Although the beginner's system three layer backprop network and the three layer backprop network in the advanced system are powerful networks, it would be a major mistake for anyone to use only this type of network. Many problems respond differently to different types of networks and architectures, and there is no way to tell in advance exactly which network will work best. The more advanced nets could make a significant difference in the predictive ability of a net in some cases. However, there are guidelines which can lead you on your way.
The most powerful nets in NeuroShell 2 are probably the genetic adaptive GRNN and PNN nets. Use the former for a continuous valued output (e.g., a predicted value) and use the latter with several outputs which are categories (e.g., a classification problem). Make sure you select "genetic adaptive" in the Training and Stop Training Criteria, and you will need a representative test set of perhaps 20% of your data. Be certain that none of the data in your test set is also in your training set, because these nets could overtrain easily. They also take quite a long time if you have a lot of training data. We suggest that training data be limited to 4000 patterns (rows).
Genetic adaptive nets are also the best way we know of to find the contribution of your input variables, even if you later decide to use another network type. The sensitivity factors these networks find are better than the ones found by backprop nets. If you have a huge number of possible input variables, we suggest that you try training sessions with no more than 30 to 50 at a time so the genetic algorithm will have a good chance to find the importance of the variables.
Genetic adaptive nets also require no setting of learning rate, etc. Just use the default distance metric (Euclidean).
Ward Nets are our second most powerful nets. Backprop nets are more global than the local GRNN and PNN nets, meaning they may not pick up small details as well, but consequently could generalize better on noisy data. The most powerful backprop nets are the Ward nets, and the one with three hidden layer slabs is the default. For Ward nets, use the default learning rate, momentum, etc. at least at first.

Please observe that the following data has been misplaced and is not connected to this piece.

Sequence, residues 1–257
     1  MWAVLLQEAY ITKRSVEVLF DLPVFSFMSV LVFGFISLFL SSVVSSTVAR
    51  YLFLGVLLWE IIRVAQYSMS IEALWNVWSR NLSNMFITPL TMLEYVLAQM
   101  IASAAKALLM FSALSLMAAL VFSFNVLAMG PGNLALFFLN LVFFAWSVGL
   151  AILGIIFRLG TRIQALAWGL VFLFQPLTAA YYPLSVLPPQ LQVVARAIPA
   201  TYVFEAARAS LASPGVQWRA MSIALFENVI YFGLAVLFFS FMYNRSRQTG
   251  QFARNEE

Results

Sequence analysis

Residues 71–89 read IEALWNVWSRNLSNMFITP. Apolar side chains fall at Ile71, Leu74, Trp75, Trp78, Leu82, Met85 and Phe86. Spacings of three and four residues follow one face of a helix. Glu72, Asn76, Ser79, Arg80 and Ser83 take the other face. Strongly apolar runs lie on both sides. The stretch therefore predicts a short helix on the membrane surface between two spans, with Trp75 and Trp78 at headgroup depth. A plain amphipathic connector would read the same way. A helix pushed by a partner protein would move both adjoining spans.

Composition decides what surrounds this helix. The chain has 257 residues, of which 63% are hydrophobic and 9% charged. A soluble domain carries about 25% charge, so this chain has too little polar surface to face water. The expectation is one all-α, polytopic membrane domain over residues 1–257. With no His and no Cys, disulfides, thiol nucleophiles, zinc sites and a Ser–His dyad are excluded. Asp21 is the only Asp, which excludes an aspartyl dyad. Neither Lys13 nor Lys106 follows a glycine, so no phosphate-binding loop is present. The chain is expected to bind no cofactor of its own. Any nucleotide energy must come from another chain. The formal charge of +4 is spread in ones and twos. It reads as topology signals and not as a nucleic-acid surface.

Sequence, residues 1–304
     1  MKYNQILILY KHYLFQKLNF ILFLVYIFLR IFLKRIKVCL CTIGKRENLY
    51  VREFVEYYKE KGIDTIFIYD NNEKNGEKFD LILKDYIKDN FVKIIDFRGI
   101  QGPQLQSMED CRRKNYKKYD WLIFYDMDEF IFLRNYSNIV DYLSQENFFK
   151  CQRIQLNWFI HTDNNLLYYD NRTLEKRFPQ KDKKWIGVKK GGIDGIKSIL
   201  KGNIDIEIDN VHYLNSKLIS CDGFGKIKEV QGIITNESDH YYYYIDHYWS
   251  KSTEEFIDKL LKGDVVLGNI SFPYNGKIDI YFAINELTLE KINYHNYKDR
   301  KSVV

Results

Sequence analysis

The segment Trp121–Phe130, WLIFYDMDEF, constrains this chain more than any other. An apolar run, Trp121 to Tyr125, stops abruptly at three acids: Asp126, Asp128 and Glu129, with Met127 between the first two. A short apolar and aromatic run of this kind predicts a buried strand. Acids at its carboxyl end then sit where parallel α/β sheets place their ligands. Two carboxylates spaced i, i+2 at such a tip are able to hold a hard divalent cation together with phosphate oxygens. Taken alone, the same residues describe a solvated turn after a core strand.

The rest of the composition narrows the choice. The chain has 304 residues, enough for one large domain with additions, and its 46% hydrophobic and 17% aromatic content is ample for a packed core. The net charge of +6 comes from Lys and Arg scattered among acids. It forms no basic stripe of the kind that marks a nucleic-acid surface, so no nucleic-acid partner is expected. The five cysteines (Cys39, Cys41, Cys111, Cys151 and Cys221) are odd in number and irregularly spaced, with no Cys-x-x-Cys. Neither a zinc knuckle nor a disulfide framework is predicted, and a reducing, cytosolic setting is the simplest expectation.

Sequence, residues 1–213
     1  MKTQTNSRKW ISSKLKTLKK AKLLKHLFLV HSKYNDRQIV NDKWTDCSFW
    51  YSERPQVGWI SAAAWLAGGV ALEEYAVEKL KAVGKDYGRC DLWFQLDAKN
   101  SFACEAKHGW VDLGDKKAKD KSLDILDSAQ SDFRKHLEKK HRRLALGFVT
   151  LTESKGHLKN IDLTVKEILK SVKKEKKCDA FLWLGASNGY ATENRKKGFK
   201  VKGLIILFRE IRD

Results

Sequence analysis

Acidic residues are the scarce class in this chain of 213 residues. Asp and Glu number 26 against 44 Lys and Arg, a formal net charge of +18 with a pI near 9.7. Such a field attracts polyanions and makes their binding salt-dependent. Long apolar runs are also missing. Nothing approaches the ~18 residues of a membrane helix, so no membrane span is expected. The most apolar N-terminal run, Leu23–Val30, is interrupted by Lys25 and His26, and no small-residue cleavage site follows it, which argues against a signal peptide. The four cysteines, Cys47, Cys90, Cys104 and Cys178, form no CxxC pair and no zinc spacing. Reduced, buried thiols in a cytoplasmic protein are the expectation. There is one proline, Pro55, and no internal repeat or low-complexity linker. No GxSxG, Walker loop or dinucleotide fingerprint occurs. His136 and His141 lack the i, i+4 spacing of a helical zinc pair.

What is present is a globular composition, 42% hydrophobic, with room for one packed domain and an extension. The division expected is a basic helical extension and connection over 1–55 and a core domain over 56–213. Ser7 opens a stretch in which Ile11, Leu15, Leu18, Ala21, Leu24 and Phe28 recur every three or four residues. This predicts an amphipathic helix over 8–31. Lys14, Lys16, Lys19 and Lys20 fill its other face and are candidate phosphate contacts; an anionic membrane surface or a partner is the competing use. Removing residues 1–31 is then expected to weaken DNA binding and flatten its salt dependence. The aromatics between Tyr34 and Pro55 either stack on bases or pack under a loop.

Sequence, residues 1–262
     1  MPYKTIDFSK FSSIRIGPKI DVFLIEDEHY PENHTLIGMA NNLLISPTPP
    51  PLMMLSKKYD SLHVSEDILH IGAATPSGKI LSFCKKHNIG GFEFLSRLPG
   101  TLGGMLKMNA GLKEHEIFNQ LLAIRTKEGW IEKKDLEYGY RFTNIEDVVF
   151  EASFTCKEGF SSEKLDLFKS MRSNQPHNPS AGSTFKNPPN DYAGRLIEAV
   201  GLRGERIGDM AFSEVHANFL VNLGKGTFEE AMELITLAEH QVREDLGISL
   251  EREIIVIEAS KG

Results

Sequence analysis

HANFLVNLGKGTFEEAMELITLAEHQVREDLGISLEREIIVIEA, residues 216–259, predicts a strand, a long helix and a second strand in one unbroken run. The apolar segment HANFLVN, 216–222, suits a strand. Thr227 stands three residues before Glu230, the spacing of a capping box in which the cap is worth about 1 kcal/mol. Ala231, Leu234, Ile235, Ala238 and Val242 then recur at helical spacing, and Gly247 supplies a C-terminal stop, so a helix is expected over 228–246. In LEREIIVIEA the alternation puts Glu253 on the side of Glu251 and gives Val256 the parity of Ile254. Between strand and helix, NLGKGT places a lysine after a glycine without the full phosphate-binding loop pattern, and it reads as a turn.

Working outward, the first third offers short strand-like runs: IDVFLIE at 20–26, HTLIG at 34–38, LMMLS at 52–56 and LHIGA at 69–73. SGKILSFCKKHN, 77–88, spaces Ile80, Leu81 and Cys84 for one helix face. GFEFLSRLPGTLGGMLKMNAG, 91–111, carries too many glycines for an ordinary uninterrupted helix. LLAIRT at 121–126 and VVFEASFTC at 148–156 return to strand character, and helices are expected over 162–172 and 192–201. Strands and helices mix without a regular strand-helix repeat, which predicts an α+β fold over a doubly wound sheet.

Turboprop is an alternative learning method to backprop. It is very fast and requires no setting of Learning rate or momentum, and it can be used on Ward nets. For a few problems it works better and is worth trying.
Polynomial nets (GMDH) are very good for functions that can be described well with polynomials, like many engineering problems. They are also another very good way to find which inputs are most appropriate. They should be used whenever it is important to have an understandable formula to represent the model, but don't use the formula that is displayed on the Learning module screen for exact calculations; use the source code generator instead.
The other backprop nets with jump connections and recurrent nets are not as powerful as the Ward nets, but they may be worth a try. But don't be misled by a single test. The initial starting point of a backprop net (as determined by initial random weight distribution) may have a bigger impact on how well the net does than the architecture! It is safest to try each net type with several random number seeds if you have the time, and average the results.
If you do decide to use a three layer net, then we suggest using the Gaussian activation function in the hidden layer. This is usually the most powerful three layer net.
For all backprop nets, including Ward nets and three layer nets, you may want to try using the linear activation function in the output slab if your output is not categories, i.e., it is a continuous value. If the net starts giving wild or huge errors when you do this, reduce the number of hidden neurons and possibly the learning rate. Use of the linear activation function in the output layer often gives better accuracy across the entire output range, and is very powerful when combined with a Gaussian in a hidden slab (which Ward nets have).